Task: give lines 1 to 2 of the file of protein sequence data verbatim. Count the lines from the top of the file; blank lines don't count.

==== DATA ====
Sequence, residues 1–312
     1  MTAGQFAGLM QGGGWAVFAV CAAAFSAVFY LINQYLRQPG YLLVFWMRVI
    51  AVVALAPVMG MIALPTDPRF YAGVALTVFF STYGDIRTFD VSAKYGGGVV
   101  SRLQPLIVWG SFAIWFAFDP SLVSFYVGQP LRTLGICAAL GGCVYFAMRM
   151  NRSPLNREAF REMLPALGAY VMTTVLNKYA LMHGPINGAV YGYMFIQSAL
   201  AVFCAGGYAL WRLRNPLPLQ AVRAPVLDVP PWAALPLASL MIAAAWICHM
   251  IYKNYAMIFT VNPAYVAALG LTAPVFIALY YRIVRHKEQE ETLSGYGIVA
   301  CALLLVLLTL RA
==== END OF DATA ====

Sequence, residues 1–312
     1  MTAGQFAGLM QGGGWAVFAV CAAAFSAVFY LINQYLRQPG YLLVFWMRVI